Shania Twain's TV Pop
by Seth Rogovoy
(ALBANY, N.Y.) – In the best tradition of latter-day TV talk-show hosts, Shania Twain did just about everything she could to connect with her audience at the Knickerbocker Arena on Saturday night short of inviting them all out for drinks after the show back at the hotel bar.
At the outset of the concert, she emerged onstage from the midst of the sold-out crowd looking like just another local girl – albeit one with fashion-model good looks -- wearing a bright red Albany River Rats jersey. During the show, which was performed in the round in the center of the arena, she made repeated forays into the crowd, pressing the flesh, signing autographs, accepting gifts, hugging and kissing fans, and even singing an entire song from the cheap seats (which at $40 weren’t so cheap).
At various points, she invited fans to join her on stage, including a cute pair of barely verbal, pre-school age sisters, a dozen local drummers, and a rabid male fan who said he’d seen Twain 20 times in concert already and had tickets to three more shows in the next week.
And of course, Twain delivered a solid two-hours of the non-stop hits that have made her the biggest-selling female solo artist of all time.
That Twain was able to accomplish this with utterly generic material and a personality totally lacking distinction was both incredibly disappointing and a testament to the TV-oriented culture that flattens everything out into the least common denominator.
Twain wasn’t bad, by any means. She roamed around the oval stage in the center of the arena with a sunny smile and an upbeat, girl-next-door disposition. She was enthusiastic, cheering on the crowd as much as it cheered her on, but never allowing herself to become too passionate about anything, especially her music. She kept everything under control, including her more than serviceable vocals and her carefully choreographed – but not too choreographed – stage show. She never quite danced, but she always rocked to the beat, and the beats themselves never challenged, never swung, but always reliably reassured.
No, Twain wasn’t bad, but her songs were. A hodgepodge of pop, country, rock and schmaltz, Twain’s material was already derivative before she and her producer/husband/co-writer Robert John “Mutt” Lange quilted together these third-generation rewrites of old hits by Huey Lewis (“Up!”), Queen (“Honey I’m Home”), and Abba (“C’est La Vie,” a bald ripoff of “Dancing Queen” – don’t they have copyright lawyers in Sweden?).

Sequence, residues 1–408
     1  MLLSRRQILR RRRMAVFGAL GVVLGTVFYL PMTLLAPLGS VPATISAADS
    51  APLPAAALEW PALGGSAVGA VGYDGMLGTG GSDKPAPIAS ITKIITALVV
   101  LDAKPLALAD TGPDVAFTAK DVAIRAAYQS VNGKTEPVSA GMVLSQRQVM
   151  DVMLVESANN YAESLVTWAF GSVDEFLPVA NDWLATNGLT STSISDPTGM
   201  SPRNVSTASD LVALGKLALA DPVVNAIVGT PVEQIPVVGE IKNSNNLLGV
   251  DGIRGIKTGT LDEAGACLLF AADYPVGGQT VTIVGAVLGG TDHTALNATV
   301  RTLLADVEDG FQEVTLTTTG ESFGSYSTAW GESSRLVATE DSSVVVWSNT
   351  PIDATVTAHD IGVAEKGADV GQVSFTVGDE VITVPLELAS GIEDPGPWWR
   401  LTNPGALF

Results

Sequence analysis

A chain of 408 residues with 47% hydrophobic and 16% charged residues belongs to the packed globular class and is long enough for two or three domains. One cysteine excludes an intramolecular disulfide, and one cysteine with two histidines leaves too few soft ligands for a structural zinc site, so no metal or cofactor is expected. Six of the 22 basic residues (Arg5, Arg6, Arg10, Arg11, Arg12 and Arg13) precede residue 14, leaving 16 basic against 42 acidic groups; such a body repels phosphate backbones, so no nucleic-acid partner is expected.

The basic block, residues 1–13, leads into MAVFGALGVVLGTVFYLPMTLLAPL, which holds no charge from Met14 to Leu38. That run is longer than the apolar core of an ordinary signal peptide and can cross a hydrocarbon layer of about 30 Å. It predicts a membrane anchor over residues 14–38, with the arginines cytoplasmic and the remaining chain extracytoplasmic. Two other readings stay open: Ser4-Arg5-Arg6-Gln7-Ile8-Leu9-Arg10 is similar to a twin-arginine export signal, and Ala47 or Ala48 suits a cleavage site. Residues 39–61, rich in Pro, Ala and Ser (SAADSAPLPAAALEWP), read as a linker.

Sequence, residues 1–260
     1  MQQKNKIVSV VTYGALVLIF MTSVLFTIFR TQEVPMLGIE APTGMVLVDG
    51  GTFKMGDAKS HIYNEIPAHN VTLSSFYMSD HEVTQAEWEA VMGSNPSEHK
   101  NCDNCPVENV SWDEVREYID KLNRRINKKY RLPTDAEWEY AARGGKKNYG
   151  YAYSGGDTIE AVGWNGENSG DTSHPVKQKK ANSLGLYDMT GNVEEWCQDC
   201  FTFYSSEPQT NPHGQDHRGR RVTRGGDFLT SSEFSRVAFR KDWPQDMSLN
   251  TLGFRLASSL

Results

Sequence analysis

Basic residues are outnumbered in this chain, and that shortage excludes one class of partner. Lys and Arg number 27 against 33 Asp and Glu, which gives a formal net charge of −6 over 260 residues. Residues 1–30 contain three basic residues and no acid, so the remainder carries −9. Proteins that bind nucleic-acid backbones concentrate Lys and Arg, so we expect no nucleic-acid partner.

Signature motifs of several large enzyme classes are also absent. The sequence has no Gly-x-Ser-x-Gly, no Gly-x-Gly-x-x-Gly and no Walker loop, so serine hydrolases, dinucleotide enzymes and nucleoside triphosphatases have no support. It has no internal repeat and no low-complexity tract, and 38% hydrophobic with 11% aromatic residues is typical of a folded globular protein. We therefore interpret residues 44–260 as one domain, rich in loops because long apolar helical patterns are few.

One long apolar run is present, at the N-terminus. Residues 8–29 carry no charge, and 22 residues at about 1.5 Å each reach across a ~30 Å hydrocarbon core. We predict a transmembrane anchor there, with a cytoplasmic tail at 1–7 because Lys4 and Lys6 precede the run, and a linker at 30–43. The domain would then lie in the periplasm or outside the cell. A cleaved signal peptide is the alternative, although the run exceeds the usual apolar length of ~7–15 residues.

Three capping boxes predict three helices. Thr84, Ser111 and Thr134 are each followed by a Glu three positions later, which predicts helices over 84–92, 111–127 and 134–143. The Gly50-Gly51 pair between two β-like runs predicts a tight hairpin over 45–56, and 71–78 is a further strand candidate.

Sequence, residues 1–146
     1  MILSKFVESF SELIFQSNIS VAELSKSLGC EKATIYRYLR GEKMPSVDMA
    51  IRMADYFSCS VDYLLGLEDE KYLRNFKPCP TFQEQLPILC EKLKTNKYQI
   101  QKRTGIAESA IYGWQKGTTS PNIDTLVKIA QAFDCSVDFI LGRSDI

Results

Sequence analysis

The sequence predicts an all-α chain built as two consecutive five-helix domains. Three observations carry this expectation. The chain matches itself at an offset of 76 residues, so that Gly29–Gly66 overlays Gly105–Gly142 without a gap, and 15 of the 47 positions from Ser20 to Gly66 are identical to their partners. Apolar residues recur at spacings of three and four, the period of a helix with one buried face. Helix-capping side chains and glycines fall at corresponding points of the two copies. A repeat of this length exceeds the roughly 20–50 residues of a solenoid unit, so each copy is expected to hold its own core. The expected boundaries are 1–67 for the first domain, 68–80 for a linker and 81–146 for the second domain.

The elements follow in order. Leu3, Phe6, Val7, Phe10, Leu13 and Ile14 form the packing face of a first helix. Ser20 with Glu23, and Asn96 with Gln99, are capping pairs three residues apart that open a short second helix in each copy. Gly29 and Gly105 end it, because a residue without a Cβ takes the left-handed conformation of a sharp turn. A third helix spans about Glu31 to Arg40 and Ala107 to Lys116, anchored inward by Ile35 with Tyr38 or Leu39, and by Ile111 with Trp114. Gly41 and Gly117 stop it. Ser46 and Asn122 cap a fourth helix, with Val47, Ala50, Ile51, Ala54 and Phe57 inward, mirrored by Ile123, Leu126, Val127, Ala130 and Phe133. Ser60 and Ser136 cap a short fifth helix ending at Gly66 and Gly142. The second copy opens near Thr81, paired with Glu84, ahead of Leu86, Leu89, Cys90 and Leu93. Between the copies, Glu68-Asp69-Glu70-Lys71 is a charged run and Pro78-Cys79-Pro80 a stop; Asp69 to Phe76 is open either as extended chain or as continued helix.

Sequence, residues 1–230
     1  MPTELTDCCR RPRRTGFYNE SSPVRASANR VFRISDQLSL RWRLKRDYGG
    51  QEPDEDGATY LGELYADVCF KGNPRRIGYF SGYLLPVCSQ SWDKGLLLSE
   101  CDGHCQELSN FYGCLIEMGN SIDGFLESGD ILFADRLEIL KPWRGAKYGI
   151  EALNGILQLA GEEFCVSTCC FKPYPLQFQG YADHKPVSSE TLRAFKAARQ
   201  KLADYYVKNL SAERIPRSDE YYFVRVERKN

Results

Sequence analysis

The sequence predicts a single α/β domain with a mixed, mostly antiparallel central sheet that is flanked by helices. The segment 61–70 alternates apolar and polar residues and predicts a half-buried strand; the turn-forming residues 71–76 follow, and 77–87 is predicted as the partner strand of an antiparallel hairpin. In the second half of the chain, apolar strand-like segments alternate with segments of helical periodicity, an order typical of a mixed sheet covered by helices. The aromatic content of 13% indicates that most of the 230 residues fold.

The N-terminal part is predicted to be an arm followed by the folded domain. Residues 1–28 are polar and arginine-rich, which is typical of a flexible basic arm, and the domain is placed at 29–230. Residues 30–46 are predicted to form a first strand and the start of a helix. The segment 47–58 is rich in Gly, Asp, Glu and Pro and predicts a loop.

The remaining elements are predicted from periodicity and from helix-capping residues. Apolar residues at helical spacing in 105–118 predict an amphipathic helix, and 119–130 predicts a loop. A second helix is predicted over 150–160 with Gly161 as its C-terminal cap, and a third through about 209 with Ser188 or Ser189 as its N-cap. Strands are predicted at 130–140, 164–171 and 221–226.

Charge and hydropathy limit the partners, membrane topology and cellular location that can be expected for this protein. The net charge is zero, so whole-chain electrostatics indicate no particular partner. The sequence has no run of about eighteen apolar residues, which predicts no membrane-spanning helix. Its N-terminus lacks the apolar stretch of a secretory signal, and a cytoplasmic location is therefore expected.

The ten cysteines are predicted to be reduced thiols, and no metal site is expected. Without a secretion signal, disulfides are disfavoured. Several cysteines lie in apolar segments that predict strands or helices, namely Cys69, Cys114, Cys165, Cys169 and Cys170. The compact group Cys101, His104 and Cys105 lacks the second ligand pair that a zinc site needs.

What passed for social commentary in her show was “She’s Not Just a Pretty Face,” which consisted in its entirety of celebrating a litany of jobs that women now hold, kicking off with – you guessed it – T.V. talk-show host.
Otherwise, Twain played it pretty safe with love songs and odes to self-esteem like “What a Way to Wanna Be!” (there are nine exclamation points in the 19 song titles on Twain’s most recent album, “Up!”), in which the poster girl as famous for her navel as her pipes reassured her female fans, “No – oh body’s – perfect!”). Easy for Shania Twain to say, no doubt.
But in the end, what was really most surprising about a show that had a fair share of pyrotechnics and fireworks was that it utterly lacked any sense of joy, passion, drama, effort or sensuality. Instead it was all about Twain’s smile and her easygoing, relaxed attitude and delivery. And never have 20,000 concertgoers sounded more easygoing and relaxed in response.
[This review originally appeared in the Berkshire Eagle on October 11, 2003. Copyright Seth Rogovoy 2003. All rights reserved.]
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